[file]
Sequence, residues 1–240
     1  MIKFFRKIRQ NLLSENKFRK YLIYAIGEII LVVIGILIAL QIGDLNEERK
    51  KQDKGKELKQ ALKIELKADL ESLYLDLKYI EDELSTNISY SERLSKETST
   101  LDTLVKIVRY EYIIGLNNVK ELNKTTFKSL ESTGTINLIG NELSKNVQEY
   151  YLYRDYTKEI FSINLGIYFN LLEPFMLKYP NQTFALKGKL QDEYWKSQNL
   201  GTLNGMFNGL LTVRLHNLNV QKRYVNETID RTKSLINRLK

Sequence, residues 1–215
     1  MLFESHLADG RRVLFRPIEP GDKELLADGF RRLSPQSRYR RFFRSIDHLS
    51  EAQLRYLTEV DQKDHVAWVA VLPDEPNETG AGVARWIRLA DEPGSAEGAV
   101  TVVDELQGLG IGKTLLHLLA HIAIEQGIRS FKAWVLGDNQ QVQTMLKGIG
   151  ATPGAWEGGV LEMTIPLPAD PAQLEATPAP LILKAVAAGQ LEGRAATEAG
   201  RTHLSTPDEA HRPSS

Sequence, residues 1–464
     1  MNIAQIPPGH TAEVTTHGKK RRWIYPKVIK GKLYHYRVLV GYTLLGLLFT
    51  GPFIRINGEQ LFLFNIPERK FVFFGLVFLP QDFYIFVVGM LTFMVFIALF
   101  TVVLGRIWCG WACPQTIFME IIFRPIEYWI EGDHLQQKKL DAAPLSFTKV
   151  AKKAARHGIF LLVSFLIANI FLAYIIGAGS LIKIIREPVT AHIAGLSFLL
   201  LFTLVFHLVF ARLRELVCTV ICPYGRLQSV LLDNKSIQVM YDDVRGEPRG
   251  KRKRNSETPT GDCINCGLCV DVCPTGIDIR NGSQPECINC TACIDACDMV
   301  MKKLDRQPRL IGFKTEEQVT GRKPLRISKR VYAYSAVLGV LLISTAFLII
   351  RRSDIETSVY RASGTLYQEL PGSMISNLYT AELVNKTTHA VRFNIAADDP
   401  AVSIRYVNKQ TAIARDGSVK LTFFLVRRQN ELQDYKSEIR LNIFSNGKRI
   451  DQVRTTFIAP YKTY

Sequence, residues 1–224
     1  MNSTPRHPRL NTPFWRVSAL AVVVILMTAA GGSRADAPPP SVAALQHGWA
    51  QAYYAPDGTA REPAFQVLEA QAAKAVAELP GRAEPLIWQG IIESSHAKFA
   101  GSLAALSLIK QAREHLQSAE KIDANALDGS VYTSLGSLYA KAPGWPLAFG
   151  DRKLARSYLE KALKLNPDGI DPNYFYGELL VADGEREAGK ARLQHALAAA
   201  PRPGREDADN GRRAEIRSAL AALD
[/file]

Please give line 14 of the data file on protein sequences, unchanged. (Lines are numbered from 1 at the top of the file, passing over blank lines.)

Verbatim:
     1  MNIAQIPPGH TAEVTTHGKK RRWIYPKVIK GKLYHYRVLV GYTLLGLLFT